Zimbabwean Criminal Justice

Topics: Criminal law, Arrest, Crime Pages: 206 (79446 words) Published: April 8, 2013

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ZIMBABWE CRIMINAL DEFENSE MANUAL 1. Introduction 2. Defense Lawyer's Role and Responsibilities 3. Pre-Trial Matters 4. Jurisdiction of Courts 5. Preparing for Trial 6. Trials 7. Rules of Evidence 8. Criminal Law Code 9. Verdict 10. Sentence 11. Record of Proceedings 12. Appeals 13. Automatic Review and Scrutiny 14. Miscellaneous Matters------------------------------------------------- CODES * Zimbabwe Legal Aid Act * The Constitution of Zimbabwe * Zimbabwe Criminal Code------------------------------------------------- LEGAL RESOURCES * Principles and Guidelines on the Right to a Fair Trial and Legal Assistance in Africa * African Human Rights Case Law Analyser * Zimbabwe Country Summary Card------------------------------------------------- LEGAL TRAINING RESOURCE CENTER * eLearning Courses for Zimbabwean lawyers| -------------------------------------------------

After 1980 Zimbabwe was widely regarded as a model African democracy. However, since 2000, the country has been engulfed in a crippling political, economic, and humanitarian crisis that has virtually wiped out the progress made over the previous two decades. An estimated 3.5 million Zimbabweans have fled the country over the past seven years. Zimbabwe once boasted one of Africa's most sophisticated and developed legal communities. However, the country's justice system was adversely affected by the political meltdown, with lawyers and judges fleeing the country by the hundreds. The country's prisons swelled and the pre-trial detention population soared. During this period of turmoil, torture became widely accepted as a legitimate tool for police investigation and judicial sanctions. A total system collapse resulted in a humanitarian catastrophe on a massive scale. Zimbabwe is divided into 8 provinces and 2 cities with provincial status (Harare and Bulawayo). The current Legal Aid Directorate (LAD) is staffed by 15 lawyers, all based in Harare, representing the needs of Zimbabwe's 12 million citizens. LAD focuses almost exclusively on civil cases. As a result, defendants receive legal aid only in the most serious of cases. -------------------------------------------------

Type of System
Zimbabwe's legal system is a common-law system based on Roman-Dutch law but has been influenced by the system of nearbySouth Africa. There are four justices on the Zimbawbe Supreme Court and they have original jurisdiction over fundamental rights cases under the Zimbabwe Constitution. -------------------------------------------------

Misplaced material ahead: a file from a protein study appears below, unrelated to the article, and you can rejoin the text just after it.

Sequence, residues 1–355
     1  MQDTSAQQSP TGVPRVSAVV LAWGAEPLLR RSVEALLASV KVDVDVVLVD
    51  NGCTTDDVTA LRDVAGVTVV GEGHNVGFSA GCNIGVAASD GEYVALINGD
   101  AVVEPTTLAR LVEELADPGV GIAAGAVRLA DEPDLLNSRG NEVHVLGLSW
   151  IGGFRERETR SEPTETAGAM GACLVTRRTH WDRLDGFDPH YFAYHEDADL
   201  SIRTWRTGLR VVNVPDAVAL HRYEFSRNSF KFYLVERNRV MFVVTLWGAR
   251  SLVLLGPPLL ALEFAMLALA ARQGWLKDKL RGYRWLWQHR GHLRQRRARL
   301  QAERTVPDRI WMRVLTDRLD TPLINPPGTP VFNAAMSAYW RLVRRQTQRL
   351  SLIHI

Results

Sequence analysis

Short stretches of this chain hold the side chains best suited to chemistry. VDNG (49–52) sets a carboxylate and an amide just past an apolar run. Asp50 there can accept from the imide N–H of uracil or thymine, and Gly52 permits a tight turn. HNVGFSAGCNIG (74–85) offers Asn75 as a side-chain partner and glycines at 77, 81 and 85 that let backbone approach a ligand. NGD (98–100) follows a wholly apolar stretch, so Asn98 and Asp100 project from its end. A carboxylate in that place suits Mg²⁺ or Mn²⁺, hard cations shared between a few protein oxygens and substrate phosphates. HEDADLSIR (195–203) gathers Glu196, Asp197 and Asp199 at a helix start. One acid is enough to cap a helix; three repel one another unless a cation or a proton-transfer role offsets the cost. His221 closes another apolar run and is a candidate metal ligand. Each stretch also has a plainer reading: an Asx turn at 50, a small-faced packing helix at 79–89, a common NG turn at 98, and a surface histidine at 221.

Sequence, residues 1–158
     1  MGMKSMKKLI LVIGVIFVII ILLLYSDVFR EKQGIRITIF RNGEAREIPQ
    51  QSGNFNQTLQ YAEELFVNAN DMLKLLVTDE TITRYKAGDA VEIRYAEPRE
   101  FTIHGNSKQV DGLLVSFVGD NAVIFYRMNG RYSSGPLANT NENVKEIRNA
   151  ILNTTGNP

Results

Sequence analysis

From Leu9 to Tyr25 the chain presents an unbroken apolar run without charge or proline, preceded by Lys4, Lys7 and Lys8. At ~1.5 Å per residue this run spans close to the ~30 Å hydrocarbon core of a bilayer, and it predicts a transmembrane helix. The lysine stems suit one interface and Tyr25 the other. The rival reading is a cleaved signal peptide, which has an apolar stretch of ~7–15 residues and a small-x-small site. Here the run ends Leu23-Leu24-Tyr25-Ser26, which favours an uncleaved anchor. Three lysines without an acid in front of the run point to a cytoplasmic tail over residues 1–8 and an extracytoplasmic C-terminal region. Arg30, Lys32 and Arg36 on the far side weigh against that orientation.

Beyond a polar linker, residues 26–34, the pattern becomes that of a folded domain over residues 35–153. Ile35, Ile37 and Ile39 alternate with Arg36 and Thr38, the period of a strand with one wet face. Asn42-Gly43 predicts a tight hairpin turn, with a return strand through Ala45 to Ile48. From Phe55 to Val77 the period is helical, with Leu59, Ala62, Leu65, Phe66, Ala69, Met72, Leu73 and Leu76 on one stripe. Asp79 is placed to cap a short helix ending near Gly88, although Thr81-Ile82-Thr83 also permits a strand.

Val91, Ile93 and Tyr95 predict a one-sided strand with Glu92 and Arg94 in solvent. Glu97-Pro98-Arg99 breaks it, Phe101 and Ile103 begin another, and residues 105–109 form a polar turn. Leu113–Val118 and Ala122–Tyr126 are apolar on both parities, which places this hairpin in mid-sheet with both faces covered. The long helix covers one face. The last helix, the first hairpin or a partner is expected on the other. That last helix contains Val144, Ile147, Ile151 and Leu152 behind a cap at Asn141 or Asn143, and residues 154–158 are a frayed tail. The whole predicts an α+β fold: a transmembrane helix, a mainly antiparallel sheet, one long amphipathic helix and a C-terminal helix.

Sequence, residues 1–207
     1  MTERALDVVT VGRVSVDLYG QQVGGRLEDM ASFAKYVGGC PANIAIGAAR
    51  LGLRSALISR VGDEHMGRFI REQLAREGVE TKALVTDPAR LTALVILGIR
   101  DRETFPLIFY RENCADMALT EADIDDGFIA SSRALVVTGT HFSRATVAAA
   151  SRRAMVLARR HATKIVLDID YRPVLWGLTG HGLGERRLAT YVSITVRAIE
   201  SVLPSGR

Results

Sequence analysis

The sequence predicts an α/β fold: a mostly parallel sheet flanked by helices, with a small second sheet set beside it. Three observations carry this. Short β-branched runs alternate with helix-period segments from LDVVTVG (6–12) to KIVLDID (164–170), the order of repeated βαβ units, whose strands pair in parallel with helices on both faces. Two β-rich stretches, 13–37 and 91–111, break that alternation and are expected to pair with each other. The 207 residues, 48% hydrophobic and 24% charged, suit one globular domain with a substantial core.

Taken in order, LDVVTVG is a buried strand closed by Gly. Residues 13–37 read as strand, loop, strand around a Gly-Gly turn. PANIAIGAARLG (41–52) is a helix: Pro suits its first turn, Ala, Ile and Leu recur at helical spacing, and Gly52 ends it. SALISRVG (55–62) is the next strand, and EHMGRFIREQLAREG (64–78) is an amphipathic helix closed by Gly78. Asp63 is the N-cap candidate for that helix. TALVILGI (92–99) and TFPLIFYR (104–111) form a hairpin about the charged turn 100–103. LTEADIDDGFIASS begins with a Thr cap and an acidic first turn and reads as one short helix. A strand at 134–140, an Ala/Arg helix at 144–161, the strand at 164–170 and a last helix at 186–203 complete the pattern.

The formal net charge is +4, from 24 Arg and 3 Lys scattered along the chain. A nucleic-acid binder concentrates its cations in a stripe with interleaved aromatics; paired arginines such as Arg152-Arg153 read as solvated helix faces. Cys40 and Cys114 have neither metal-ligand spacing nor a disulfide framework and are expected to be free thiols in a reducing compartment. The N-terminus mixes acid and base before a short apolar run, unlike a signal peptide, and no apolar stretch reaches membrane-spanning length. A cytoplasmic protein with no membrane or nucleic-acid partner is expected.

Sources of Defendants' Rights
Chapter Three of the Constitution of Zimbabwe is the starting point for defendants' rights in Zimbabwe. Article 13 provides for notice of charges as and provides that an individual may consult an attorney at their own expense [1]. An individual who is detained must be brought to trial within a "reasonable time". [2] "[T}orture ... inhuman or degrading punishment or other such treatment" are forbidden under Section 15 of the Constitution[3]. Article 18 sets for specific provisions for criminal cases including the presumption of innocence, a fair trial, and the right to silence. -------------------------------------------------

Defendants' Rights
In order to make an arrest, a police officer must have reasonable suspicion that a crime has been committed or is about to be committed. A warrant is required unless the defendant has committed or attempted to commit the crime in the presence of a police officer. If arrested with a warrant the defendant must be brought to a police station or charging station as soon as possible. A defendant may be detained for no more than 48 hours unless a magistrate authorizes an extension of the detention. There are special provisions for prolonged detention...

Bibliography: Famous Trials of Marshall Hall" by Edward Marjoribanks (first published 1929; republished by Penguin, 1989) at p 171.
On duty to represent client even if you believe he is guilty, see Richard du Cann "The Art of the Advocate" (Penguin, 1964) p 39.
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